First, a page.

When you start investing, it’s easy to get confused by the different terminology. Index and mutual funds are two you might have come across in your learning.
Oct. 15, 2020
Simply put, index funds track an underlying market index, like the S&P 500, whereas mutual funds are managed financial vehicles that invest in stocks, bonds, money market instruments, and other securities.
What is an index fund?
An index fund is a type of mutual fund or ETF that automatically tracks the performance of an underlying market index, such as the S&P 500. Index funds follow a passive investment strategy, whereby the investor can simply invest their money and then forget about it.
What is a mutual fund?
Mutual funds are operated by fund managers and consist of a group of investors who mutually pool their money together to buy and sell stocks, bonds, and other assets. When you invest in mutual funds you are not buying shares in a specific company. Instead, you are buying shares in the mutual fund company itself.
Differences between Index Funds and Mutual Funds
Although an index fund is indeed a type of mutual fund, there are three key differences between index funds and more actively managed mutual funds — the management of the fund, its investment objective, and the associated costs.
Index funds are usually passively managed as the fund is simply tracking an index. It performs by buying and selling securities to mirror a particular index, such as the S&P 500. The performance of an index fund is measured by the price movement of the shares within the fund.
Other mutual funds are actively managed, so its performance rests on the investment decisions made by the fund manager. However, SP indices stated that within five years, almost 80% of actively managed funds underperformed the S&P 500 index, proving that mutual funds don’t necessarily yield better returns.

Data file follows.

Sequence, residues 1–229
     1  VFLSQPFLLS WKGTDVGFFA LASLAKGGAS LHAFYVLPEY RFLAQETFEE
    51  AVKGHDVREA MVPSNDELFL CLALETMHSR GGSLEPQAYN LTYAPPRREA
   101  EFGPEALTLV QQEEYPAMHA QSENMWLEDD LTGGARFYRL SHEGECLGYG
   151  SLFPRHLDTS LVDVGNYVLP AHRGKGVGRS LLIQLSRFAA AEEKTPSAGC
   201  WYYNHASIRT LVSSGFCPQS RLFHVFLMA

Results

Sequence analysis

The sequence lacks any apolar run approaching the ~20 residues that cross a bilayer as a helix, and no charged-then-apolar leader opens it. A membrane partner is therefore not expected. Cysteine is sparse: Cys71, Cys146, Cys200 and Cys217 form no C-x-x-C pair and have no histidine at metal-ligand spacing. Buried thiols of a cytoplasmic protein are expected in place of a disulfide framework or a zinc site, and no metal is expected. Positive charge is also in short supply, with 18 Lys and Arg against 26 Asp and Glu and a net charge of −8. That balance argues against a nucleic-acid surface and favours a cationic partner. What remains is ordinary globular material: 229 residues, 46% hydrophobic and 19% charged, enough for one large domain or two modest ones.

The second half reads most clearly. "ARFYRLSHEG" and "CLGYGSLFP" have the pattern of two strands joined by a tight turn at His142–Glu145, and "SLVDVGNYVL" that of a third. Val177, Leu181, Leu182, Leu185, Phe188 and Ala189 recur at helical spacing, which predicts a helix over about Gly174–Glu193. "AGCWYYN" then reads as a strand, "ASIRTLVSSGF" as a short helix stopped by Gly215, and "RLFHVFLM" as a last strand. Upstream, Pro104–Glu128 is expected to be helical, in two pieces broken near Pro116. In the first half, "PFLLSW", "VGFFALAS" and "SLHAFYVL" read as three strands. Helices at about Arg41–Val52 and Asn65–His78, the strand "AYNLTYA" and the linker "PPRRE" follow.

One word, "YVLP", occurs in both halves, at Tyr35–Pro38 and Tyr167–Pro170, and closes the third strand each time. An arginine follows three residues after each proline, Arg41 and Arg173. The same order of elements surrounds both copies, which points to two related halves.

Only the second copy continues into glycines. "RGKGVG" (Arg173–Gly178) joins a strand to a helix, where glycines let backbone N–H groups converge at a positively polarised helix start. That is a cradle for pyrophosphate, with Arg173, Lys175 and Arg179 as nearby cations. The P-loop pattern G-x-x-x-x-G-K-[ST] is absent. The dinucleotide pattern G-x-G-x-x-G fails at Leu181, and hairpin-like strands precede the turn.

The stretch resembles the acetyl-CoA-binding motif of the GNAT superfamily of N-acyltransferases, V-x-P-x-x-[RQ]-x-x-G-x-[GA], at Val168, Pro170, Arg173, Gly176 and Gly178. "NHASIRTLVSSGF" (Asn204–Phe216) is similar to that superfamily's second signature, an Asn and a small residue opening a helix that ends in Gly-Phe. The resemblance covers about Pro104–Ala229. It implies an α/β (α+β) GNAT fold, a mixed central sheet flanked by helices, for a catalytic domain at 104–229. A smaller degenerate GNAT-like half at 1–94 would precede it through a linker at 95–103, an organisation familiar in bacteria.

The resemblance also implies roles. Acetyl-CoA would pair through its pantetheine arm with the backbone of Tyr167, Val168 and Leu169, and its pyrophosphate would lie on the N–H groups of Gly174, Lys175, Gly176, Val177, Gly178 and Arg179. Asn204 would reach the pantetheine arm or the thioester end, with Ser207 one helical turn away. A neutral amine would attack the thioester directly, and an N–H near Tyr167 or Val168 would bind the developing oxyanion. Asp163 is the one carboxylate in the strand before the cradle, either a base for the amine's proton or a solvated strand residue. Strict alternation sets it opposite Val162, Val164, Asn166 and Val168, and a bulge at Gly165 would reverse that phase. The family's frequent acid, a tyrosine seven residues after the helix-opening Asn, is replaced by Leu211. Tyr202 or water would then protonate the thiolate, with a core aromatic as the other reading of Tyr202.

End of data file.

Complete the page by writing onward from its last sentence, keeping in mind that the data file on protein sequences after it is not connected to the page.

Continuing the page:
The goal of an index fund is to copy the performance of an index, whereas other mutual funds aim to outperform it by selecting assets that they think will yield bigger returns. Many investors are attracted to mutual funds by the prospect of higher-than-average returns on their investments.
Mutual fund expense ratio is the name given to the extra expenses associated with running mutual funds — including fund manager salaries, marketing costs, bonuses, and other fees. Fund managers’ fees cut into investors’ profits, so should be carefully considered.
Index funds have fees of around 0.05% to 0.09%, much lower than mutual funds, which are usually between 1 to 2%.
So, why would I pick Index Funds?
Index funds are suited towards long-term investment and make great picks for retirement funds as they are considered the safer of the two funds. They are great for diversifying your portfolio without having to make separate investments into different companies. Index funds are great core portfolio holdings as they are a lot easier to invest in and out-perform actively managed funds time and time again.
The main benefits of index funds are lower fees, fewer taxes to pay (as there is less turnover in stocks), and tend to be less risky for long-term investment.
And Mutual Funds?
Mutual funds are a great way for smaller investors to have access to professionally managed funds that are very diversified. Mutual funds are great for flexibility in moving assets around, potentially higher returns, and the ability to capitalize on short-term gains. The risk is higher with mutual funds, but so is the possible reward.
How will I choose?
There are many factors to consider when deciding between investing in index or mutual funds – available capital and investment aspirations being the top.
Before taking on any type of investment, it is very important to consider the structure, objective, and costs associated with that fund. It all comes down to your investment risk attitude and financial goals though, so do your research, and don’t forget there is always the DIY approach too, and select your stocks.
MyWallSt operates a full disclosure policy. MyWallSt staff currently hold long positions in companies mentioned above. Read our full disclosure policy here.